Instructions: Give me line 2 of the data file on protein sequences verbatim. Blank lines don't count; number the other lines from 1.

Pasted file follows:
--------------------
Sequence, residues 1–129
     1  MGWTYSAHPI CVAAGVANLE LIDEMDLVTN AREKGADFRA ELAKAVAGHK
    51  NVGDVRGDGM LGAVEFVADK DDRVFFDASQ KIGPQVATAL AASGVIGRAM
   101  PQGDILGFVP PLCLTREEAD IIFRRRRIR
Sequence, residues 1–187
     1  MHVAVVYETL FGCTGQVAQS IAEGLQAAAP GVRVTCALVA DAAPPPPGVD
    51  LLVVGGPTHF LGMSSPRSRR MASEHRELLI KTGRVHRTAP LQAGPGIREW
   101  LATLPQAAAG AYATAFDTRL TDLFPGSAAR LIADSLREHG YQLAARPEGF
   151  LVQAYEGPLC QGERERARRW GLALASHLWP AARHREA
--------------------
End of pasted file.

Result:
     1  MGWTYSAHPI CVAAGVANLE LIDEMDLVTN AREKGADFRA ELAKAVAGHK